Peace in wood
Photographs and writing by Julian Leshay while attending Mountain Workshops 2023
David Puryear, 48, born and raised in Kentucky, is always working with his hands. He started his own company, Bourbon Millwork in 2016.
David Puryear has had a job since he was 15, first working for his father at Firestone Tire and Rubber Co. in nearby Danville – and years later at various jobs across Kentucky.
But, in 2016, David went from employee to business owner after taking out a $15,000 loan to follow his passion – woodworking.
"Bourbon Millwork is a company. Bourbon Millwork has a name. Bourbon Millwork has a location," David says. "But without me, it doesn't exist.”
David is usually up before the sun rises – and often at his shop late into the night. His loyal rescue dog, Avery, a Pryador mix, is constantly at his side.
Each morning, the silence at Bourbon Millwork is pierced by loud exhaust fans and the rumble of machines as the business grinds to work. The smell of fresh cut lumber permanently lingers.
A neighbor needs a new front door? Call David.
A luxury homebuilder needs custom trim for a house? Call David.
A building owner needs windows repaired in their historic property? Call David.
In addition to his woodworking passion, family and animals keep David’s life in balance. He is an animal control officer with the Paris Police Department. That's where, when responding to a call for two abandoned dogs, he met Avery.
He and his wife Erika, married 26 years, have raised two children, Matthew, 25, and Lindsey, 22 – along with four dogs. They enjoy dinner on Friday nights at local restaurants and are season ticket holders for University of Kentucky basketball games. (Being a UK fan in Paris is practically a requirement of citizenship.)
David and Erika work long hours to make Bourbon Millwork a success.
Most nights, hours after David’s employees have gone home, one truck remains parked in the front of his shop on Winchester Street. Warm light glares through the windows and a radio blares. David finds his “happy place,” free from interruption.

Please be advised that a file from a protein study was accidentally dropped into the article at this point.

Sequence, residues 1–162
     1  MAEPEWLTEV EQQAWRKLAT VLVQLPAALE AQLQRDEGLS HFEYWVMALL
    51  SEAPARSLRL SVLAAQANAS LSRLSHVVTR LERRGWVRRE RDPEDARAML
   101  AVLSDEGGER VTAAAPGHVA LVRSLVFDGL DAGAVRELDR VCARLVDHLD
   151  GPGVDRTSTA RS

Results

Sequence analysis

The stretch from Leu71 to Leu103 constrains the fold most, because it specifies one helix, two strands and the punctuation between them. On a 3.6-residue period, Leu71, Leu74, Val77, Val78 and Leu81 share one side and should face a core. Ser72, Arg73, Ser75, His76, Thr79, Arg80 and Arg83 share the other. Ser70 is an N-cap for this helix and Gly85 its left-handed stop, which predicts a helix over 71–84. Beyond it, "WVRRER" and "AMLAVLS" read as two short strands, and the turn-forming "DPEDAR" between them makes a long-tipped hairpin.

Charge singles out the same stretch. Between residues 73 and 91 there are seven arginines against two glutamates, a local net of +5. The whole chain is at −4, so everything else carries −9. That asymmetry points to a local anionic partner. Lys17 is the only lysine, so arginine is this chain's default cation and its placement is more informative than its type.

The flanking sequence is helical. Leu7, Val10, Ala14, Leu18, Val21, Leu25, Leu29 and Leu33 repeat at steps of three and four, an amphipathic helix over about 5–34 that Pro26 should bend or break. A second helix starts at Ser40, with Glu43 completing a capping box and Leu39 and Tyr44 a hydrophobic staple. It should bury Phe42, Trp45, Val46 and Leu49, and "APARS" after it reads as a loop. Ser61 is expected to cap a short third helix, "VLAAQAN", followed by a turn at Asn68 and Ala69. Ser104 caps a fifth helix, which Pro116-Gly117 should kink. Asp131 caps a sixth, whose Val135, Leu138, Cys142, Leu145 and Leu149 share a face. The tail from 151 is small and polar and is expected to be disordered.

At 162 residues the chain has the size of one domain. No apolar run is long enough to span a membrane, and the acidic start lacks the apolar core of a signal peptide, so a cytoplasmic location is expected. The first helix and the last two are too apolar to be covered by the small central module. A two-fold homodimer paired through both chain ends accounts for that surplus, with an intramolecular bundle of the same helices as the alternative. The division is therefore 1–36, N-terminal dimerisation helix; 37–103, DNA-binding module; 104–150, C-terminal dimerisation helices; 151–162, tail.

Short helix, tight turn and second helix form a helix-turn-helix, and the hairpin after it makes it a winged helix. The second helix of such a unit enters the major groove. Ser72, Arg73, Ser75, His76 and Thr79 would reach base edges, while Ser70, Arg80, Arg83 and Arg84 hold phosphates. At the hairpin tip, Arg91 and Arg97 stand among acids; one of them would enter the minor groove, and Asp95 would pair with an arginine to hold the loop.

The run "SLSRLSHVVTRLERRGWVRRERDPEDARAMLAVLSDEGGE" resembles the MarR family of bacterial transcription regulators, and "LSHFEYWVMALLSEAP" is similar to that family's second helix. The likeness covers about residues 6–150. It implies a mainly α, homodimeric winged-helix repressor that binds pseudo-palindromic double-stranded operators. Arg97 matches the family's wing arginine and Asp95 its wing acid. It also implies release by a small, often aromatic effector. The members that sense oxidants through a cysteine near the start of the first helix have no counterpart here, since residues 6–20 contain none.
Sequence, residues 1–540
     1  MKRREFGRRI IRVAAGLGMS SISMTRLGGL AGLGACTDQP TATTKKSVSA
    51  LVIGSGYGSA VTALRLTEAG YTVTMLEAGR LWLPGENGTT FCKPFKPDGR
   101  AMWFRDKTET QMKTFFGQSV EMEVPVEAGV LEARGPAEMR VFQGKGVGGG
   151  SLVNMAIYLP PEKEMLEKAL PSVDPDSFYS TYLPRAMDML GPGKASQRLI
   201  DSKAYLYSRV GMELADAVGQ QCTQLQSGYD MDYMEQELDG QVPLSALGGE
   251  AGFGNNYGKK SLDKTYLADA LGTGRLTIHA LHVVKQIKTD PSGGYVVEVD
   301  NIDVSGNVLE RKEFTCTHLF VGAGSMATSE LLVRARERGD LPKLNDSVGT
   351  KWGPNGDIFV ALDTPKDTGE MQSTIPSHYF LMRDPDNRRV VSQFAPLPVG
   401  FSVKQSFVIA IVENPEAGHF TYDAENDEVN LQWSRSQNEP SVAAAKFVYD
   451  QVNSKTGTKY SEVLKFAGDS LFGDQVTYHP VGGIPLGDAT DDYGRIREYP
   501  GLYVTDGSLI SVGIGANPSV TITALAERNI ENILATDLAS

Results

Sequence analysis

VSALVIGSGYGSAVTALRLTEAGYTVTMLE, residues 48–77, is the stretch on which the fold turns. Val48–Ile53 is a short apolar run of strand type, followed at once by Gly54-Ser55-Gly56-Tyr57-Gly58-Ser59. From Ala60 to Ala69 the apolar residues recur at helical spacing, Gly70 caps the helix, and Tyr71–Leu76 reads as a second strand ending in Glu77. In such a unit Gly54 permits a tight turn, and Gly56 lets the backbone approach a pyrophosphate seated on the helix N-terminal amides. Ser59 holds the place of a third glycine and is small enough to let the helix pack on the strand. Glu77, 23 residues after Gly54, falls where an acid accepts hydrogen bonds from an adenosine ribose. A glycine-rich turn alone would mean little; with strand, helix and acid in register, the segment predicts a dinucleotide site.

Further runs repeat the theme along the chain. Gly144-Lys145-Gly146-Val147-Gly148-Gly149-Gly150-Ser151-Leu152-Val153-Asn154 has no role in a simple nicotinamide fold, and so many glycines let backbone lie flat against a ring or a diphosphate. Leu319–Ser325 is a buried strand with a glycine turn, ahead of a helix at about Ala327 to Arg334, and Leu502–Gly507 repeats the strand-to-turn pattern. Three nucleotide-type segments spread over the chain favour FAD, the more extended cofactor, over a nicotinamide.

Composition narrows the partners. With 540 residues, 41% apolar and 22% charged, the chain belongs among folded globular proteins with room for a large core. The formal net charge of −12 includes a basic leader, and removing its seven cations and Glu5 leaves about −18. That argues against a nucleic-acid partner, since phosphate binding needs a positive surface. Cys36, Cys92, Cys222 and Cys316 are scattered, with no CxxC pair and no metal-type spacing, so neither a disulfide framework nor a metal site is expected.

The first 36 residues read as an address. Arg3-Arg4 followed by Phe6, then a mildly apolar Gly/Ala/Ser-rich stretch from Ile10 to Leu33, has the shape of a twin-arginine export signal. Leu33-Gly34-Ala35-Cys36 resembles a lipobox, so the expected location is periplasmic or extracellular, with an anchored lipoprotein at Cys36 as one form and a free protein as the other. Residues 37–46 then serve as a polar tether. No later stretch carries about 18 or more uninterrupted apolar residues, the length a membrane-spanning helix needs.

"Seventy-five percent of my life is here," David says, "but I love it.”
Using raw materials, David crafts old-fashioned decor, specializing in doors and custom architecture. He is shown here through a hole in an unfinished door.
In the front office of Bourbon Millwork, Erika, married to David for 26 years, handles the office work he finds “painful."
Contracting with custom home builder, Heller Built, David delivers custom trim to a multi-million dollar property in Keene Manor.
Avery, a Pyrador mix, comes to work with David seven days a week. “She’s my break,” David says about Avery, who he found abandoned in a backyard while responding to an animal control call.
David, sitting in his truck, responds to a call of a loose dog who bit a cat. The dog's owner, Tiffany, calls a local animal hospital for assistance. The cat's owner, pictured in the mirror, waits for an answer.
David leaves his shop and walks across the street to Trackside, a restaurant along railroad tracks, to meet with his family gathered there for dinner. David created a custom bar top for the establishment.
David embraces his daughter-in-law, Julietta, who is married to his 25 year-old son, Matthew, after enjoying a family dinner.
In seat 7 and 8, of section 20, David and Erika cheer the Kentucky Wildcats men’s basketball team during the first exhibition game of the season. Passed down from Erika’s parents, they sit in the exact same seats that have been in the family since Rupp Arena opened in 1976.
“He was across the hall and then he kept on saying “let’s go out”… and he grew on me. We finally went out and that was it,” Erika says about how she met David while living in the same apartment building. Twenty-six years later, David and Erika attend as many Kentucky Wildcats men’s basketball games as possible.
Returning home after a long day at work, David and Erika settle down in front of the TV before going to bed.